In certain cases, an Objectivity server might listed as uninstalled.
This means the installer simply copied the executables to your computer but did not install the server as a service. You can use ONS to install the services at any time.
The lock server and AMS log on to the local system account by default. For security purposes, you should consider configuring each Objectivity server to use a special-purpose account that can be granted the minimum necessary permissions. Note that when an application uses AMS, the logon account for AMS establishes the ownership of any data files created by the application.
For information about starting an Objectivity server with the required permissions, see the chapter for that server in Objectivity/DB Administration.
Alternatively, you can run a custom installation to install particular services and configure them under a given user account.
Configuring Windows Firewall
An Objectivity server on a particular computer can serve an Objectivity/DB database application running anywhere on the same network. If an Objectivity server is on a computer that has Windows Firewall turned on, you must configure Windows Firewall to enable traffic to the server. See Running Objectivity Servers on Windows in Objectivity/DB Administration.
To change the startup type of a Windows service, use the Windows Service Control Manager (SCM).
- Choose Start > Run and type
services.mscto open the Windows SCM tool.
- Locate the name of the service you want, right click on it, and modify its properties.
- ools-13 for the lock server
- ooams-3 for AMS
- ooqs-1 for the query server
With a default installation with adminstrative privileges, the installer adds the search path for executables to the path system environment variable.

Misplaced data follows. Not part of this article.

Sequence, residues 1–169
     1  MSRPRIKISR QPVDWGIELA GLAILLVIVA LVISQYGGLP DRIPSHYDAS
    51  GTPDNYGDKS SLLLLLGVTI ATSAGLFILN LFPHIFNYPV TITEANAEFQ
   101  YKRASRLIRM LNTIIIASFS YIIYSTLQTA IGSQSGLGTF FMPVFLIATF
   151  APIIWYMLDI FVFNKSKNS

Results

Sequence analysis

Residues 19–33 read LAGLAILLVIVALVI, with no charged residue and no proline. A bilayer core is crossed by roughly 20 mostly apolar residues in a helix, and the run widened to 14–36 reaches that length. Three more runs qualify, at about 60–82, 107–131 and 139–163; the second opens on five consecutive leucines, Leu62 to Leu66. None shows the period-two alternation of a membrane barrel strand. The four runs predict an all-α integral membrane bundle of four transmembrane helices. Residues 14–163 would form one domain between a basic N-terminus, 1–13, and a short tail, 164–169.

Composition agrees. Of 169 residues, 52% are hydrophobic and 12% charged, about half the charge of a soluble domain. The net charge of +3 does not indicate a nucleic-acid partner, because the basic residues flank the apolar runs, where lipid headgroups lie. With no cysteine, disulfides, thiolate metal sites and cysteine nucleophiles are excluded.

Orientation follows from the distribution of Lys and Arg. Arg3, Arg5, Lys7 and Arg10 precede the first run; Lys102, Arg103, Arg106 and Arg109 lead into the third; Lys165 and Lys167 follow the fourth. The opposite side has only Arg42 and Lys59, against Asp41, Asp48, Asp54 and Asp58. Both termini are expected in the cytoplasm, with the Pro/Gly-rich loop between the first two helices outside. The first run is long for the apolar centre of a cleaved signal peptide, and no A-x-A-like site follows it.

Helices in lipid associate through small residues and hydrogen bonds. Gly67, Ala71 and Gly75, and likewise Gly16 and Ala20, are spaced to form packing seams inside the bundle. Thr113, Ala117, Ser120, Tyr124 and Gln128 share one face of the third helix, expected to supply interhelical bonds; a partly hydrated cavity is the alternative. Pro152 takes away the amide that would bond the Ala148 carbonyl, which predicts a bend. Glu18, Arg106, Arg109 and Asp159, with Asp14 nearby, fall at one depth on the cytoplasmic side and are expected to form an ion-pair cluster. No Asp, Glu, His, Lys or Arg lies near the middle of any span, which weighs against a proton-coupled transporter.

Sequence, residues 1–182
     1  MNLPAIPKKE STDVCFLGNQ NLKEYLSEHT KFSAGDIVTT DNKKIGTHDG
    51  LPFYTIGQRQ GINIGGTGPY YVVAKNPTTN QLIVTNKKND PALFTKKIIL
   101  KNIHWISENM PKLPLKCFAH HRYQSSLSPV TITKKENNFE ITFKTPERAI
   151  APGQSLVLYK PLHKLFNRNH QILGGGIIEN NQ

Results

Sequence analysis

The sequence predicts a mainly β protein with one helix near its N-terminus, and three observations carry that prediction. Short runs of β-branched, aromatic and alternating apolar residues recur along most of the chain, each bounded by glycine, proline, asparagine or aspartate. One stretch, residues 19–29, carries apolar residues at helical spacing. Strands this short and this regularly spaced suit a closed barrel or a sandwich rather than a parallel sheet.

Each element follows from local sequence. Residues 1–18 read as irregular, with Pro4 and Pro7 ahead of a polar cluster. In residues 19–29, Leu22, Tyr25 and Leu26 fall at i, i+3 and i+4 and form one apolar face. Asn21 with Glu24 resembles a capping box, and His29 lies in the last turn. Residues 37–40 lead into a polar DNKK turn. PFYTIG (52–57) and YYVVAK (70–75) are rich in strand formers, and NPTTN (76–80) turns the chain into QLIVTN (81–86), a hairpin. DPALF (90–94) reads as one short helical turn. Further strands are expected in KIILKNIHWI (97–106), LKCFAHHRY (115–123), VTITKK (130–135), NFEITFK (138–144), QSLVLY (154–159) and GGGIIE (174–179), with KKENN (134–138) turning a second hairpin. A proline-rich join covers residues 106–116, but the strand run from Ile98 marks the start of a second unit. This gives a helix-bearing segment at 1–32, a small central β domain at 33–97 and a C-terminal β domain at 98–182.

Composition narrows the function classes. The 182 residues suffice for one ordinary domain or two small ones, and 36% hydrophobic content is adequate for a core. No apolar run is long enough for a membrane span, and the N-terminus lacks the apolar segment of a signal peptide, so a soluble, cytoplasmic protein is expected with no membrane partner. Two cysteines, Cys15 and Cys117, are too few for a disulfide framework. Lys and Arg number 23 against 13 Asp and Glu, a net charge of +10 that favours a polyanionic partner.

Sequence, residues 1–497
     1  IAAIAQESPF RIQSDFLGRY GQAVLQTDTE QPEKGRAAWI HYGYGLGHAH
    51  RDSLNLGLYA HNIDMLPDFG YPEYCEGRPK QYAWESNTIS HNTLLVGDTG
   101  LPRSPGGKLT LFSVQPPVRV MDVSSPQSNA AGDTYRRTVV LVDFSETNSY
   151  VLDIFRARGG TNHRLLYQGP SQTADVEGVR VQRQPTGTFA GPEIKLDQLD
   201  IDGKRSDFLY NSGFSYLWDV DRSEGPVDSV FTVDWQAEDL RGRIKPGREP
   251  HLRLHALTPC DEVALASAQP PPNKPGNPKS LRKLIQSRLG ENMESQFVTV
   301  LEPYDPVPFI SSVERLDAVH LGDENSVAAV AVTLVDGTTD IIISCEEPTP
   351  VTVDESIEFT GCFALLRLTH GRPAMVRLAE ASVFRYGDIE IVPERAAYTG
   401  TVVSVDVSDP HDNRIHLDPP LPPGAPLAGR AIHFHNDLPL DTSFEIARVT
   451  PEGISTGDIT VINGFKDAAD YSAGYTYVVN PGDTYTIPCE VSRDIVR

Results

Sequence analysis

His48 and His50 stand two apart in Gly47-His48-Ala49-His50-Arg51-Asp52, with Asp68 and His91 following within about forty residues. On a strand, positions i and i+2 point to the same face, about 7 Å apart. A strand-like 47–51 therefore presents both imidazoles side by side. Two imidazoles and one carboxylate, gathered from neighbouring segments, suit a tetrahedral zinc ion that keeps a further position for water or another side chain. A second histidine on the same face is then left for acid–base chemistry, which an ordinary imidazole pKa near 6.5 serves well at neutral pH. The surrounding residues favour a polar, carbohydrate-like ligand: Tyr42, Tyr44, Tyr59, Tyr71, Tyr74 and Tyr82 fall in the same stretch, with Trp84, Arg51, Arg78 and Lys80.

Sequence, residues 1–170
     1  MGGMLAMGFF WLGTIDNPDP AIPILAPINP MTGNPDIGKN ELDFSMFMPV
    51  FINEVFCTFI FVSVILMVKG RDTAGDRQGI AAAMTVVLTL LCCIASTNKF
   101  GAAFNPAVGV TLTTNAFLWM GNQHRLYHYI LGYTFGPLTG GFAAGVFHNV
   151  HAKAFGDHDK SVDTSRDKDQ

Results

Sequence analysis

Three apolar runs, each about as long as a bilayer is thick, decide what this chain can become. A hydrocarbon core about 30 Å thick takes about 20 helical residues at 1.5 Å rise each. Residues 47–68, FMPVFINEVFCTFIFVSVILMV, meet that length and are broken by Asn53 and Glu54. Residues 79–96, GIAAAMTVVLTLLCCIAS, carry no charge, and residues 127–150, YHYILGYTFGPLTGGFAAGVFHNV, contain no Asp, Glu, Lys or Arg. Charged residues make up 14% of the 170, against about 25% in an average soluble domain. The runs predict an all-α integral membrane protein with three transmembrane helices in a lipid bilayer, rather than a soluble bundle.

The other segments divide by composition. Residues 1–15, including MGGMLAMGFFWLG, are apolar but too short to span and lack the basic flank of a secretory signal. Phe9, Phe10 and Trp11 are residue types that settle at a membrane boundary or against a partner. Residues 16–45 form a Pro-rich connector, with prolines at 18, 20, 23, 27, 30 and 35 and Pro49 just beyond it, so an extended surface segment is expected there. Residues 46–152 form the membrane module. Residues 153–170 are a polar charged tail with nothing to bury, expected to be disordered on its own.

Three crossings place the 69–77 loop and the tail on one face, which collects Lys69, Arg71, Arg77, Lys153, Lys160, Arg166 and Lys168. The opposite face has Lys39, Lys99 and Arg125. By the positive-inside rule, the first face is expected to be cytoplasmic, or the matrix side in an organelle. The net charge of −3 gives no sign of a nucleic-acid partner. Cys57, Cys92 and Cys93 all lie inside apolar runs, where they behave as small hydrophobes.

||Search path for executables, including Objectivity/DB administration and database tools as well as Objectivity/Assist. Modified to contain
If you chose not to set environment variables when you installed, you must manually set these variables. Alternatively, you can execute the
installDir/setup.cmd script to set these variables temporarily in a shell window.
Objectivity/Assist (Assist) is a graphical tool for getting started quickly with Objectivity/DB. You can use Assist to perform tasks such as:
- Creating and administering a federated database.
- Listing a federated database’s physical components (files and servers) and logical components (databases, containers, and persistent objects).
- Creating, browsing, and changing the data in a federated database, and the types in a federated database’s schema.
- Generating C++ and Java class definitions (including accessor methods) from a federated database’s schema.
Assist also provides tutorials for getting started with Objectivity/DB basic concepts, as well as application development for selected programming-language interfaces. Assist is implemented as a rich client application on the Eclipse Rich Client Platform (RCP).
To start Assist:
- Click Start > Programs (or All Programs) > Objectivity > Objectivity Assist.
- At the prompt, specify a workspace directory for Assist project files.
Any folder can serve as your Assist workspace directory. For example, to keep your Assist files with your Objectivity/DB installation, you can specify
installDir\assist\workspace. If necessary, a directory with the name you specified is created.
Note: To run Assist, you must have read and write permissions to the
.metadata folder in the Assist workspace directory.
Assist provides tutorials for getting started with Objectivity/DB. To find a tutorial, click on its link in Assist’s Welcome page.
Configuring Your Own Eclipse Platform
If you already have a compatible release of the Eclipse Platform or Eclipse SDK, you can install the Assist plugin into that framework:
- Copy all the subdirectories in
installDir\assist\pluginsthat begin with
installDiris the Objectivity/DB installation directory.
eclipseInstallDiris the directory containing the Eclipse installation to be used—for example,
- Copy the
installDir\assist\features\com.objy.assist_x.x.xdirectory into the
- Start Eclipse, then choose Window > Open Perspective > Other and choose the Objectivity/Assist perspective.